The United States Secret Service (USSS) performs two critical homeland security missions: protection and criminal investigation. Through its protective mission, the Secret Service preserves continuity of government and ensures security at events of national significance by protecting the President and Vice President, their families, visiting heads-of-state/government, and other designated individuals. The USSS also investigates threats against these protectees; protects the White House, the Vice President's Residence, Foreign Missions, and other designated buildings within the Washington, D.C. area; and designs, coordinates, and implements operational security plans for designated National Special Security Events .
Through its investigative mission, the USSS prevents cyber crime and other malicious uses of cyberspace that can create economic instability and undermine confidence in U.S. financial systems. The Secret Service does this by investigating violations of laws relating to: counterfeiting of obligations and securities of the United States; financial crimes, such as access device fraud, financial institution fraud, identity theft, and computer fraud; and computer-based attacks on our nation's financial, banking, and telecommunications infrastructure.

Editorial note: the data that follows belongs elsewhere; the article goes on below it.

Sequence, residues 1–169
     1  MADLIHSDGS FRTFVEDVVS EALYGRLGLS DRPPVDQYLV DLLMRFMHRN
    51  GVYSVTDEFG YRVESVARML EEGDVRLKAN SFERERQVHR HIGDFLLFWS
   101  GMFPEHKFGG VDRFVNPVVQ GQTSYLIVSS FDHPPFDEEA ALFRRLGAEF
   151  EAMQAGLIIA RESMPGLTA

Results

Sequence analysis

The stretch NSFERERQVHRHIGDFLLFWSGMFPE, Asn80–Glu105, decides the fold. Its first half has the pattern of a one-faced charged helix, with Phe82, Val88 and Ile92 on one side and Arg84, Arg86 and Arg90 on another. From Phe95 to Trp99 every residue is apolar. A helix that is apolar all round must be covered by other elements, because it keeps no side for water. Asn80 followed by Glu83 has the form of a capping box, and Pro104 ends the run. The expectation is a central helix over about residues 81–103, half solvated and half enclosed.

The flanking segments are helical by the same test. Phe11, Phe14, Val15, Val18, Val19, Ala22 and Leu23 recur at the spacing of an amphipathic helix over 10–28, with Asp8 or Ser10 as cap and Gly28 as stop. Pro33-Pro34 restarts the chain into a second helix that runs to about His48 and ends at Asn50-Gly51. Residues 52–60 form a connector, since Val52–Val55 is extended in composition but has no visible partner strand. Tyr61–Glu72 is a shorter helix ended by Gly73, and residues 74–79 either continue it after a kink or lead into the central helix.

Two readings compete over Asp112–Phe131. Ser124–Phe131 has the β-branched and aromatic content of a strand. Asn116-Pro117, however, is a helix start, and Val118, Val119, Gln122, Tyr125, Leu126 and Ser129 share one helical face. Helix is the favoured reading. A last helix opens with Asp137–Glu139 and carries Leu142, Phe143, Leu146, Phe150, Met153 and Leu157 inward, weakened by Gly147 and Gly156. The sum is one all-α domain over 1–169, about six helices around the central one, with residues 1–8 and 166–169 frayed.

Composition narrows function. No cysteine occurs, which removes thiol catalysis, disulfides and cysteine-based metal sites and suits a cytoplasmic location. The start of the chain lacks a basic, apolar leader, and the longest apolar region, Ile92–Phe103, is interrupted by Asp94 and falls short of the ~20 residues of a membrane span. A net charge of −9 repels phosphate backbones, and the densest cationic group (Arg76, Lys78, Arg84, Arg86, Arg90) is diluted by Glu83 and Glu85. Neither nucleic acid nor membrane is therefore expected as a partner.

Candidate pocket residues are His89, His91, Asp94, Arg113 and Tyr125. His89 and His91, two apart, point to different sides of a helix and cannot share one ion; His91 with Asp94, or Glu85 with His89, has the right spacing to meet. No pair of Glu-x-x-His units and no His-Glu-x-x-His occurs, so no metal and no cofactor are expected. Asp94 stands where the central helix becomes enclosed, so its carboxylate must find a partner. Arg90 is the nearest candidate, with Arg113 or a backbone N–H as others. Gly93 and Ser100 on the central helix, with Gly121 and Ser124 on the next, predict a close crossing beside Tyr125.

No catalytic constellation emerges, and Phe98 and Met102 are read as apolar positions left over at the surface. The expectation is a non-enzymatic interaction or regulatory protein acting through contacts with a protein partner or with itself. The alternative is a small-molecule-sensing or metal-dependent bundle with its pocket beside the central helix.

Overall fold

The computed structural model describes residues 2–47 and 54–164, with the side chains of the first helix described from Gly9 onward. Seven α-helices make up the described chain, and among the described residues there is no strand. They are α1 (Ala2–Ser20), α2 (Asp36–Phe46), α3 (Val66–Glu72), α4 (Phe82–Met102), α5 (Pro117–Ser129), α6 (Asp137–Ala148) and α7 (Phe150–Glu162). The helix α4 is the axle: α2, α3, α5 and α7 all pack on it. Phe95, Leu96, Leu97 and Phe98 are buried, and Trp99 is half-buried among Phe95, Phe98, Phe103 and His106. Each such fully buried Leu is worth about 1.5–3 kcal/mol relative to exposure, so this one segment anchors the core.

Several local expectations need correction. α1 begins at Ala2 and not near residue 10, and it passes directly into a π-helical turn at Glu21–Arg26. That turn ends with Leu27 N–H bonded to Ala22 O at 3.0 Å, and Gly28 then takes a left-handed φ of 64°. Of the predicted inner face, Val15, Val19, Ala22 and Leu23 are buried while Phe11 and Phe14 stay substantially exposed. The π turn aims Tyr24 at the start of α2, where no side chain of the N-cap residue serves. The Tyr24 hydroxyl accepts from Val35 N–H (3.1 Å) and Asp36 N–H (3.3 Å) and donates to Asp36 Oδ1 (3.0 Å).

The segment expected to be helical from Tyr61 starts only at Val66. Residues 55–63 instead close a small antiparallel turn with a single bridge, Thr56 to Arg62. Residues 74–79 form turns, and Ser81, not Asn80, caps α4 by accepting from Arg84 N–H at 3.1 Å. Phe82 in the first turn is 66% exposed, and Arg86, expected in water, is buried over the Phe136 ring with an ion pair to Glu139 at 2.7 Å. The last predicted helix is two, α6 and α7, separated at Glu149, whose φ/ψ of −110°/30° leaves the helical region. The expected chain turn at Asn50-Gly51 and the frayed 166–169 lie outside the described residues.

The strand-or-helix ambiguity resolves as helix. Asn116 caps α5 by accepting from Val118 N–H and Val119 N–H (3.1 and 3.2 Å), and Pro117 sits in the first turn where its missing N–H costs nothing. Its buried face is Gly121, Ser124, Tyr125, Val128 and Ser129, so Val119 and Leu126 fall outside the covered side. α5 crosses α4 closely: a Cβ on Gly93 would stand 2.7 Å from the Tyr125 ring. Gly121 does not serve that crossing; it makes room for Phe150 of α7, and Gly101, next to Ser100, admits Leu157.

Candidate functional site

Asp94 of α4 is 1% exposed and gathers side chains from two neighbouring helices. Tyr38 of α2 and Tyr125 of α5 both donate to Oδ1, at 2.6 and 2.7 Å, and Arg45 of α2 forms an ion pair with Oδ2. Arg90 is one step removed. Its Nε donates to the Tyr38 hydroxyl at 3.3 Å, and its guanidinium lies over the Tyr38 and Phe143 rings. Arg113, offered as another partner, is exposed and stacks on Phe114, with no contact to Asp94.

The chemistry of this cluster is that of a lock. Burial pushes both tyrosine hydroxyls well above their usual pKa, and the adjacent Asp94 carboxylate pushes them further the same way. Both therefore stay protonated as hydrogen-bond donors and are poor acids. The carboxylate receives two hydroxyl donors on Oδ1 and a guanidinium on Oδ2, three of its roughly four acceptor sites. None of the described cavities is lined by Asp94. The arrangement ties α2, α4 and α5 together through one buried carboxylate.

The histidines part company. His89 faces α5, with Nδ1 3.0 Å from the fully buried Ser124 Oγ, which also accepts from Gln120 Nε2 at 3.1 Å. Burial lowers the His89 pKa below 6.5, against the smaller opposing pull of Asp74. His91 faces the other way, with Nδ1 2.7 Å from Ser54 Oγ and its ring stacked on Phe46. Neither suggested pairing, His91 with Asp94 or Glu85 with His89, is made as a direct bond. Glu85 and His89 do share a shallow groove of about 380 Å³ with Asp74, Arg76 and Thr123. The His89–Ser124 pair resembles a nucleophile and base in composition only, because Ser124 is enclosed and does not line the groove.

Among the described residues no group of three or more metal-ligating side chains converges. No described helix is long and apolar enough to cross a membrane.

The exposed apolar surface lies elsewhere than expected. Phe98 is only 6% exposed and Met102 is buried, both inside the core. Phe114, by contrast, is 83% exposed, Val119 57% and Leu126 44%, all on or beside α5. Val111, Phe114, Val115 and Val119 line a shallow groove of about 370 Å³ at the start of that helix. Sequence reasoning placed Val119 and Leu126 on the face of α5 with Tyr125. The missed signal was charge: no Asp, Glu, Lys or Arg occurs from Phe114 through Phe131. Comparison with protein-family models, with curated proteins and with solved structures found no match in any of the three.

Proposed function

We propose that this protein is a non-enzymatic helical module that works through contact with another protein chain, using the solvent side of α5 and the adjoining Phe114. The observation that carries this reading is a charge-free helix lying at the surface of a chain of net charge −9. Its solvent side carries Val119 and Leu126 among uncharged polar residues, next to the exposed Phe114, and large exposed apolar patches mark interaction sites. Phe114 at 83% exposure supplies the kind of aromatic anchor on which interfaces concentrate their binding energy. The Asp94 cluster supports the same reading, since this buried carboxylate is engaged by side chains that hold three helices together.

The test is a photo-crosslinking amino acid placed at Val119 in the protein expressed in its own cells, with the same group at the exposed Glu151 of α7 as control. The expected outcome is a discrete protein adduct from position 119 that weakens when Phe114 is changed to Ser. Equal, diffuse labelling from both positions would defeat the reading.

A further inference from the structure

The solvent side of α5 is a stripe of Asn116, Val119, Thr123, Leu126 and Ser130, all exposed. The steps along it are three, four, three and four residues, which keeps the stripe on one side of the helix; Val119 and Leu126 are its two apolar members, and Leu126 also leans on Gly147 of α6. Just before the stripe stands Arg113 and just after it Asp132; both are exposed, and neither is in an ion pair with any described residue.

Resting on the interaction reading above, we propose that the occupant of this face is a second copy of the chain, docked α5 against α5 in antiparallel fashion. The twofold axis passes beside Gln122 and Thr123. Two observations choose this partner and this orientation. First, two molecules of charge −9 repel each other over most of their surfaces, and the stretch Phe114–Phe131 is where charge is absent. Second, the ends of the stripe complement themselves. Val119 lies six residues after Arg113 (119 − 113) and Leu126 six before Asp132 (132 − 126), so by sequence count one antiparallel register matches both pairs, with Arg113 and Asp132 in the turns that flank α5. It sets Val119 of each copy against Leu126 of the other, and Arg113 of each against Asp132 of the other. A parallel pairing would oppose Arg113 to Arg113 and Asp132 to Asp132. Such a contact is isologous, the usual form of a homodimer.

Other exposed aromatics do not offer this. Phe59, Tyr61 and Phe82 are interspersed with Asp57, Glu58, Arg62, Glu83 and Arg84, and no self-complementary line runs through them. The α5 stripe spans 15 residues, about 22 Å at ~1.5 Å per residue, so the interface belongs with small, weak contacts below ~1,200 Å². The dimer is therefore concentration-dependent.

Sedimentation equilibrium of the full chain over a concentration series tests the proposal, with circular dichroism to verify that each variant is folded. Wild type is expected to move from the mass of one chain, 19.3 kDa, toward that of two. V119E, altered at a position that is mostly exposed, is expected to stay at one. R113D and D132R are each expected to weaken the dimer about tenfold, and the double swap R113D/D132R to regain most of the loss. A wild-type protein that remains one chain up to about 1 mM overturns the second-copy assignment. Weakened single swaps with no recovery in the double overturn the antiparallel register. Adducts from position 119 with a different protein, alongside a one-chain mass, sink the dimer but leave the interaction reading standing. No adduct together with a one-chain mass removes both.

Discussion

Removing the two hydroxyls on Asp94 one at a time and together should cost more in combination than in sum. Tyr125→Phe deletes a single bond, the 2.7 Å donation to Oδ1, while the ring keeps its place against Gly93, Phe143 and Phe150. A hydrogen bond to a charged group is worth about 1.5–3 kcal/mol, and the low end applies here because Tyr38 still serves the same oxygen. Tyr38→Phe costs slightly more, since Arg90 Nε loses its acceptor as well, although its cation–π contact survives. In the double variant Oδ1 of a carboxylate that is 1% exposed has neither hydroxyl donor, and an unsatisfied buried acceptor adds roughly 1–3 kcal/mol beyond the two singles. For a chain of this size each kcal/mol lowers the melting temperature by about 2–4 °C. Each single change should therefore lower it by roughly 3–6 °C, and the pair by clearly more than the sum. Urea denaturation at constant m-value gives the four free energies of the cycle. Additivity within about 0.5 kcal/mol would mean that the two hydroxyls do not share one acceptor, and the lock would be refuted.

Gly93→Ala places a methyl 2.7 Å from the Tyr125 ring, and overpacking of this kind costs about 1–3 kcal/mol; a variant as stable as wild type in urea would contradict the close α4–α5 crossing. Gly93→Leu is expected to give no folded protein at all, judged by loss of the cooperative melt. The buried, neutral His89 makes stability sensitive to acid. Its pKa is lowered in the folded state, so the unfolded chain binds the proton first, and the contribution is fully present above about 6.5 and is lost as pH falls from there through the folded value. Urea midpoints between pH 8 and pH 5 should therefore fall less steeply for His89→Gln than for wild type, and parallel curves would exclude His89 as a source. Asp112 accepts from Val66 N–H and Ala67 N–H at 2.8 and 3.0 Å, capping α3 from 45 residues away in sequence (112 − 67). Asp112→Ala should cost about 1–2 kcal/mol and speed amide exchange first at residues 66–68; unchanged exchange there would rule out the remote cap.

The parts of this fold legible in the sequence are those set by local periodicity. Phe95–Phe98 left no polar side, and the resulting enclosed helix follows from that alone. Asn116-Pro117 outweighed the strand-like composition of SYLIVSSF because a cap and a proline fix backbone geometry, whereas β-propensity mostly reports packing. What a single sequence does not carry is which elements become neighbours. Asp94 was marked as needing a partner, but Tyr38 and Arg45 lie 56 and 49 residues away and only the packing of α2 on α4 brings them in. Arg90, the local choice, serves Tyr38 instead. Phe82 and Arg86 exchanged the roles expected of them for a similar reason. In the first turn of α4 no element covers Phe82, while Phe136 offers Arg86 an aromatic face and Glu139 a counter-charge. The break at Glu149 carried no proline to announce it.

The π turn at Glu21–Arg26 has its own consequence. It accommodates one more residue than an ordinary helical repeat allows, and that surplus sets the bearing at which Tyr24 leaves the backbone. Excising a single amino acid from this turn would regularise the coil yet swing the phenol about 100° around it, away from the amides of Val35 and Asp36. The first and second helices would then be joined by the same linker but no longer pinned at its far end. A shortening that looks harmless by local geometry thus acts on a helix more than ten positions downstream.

In order to fulfill its protective and investigative mission, the Secret Service maintains both domestic and international offices and employs special agents, uniformed officers, and support personnel.
The USSS Frankfurt Resident Office is responsible for the coordination of international investigations and protective visits with counterparts, not only within Germany, but including 13 additional countries. The USSS Attaché cultivates and maintains a close liaison with law enforcement, intelligence and security services throughout its geographic area of responsibility.
For additional information regarding the U.S. Secret Service, visit the website at www.secretservice.gov, or contact the Frankfurt Resident Office at +49 69 7535 3763.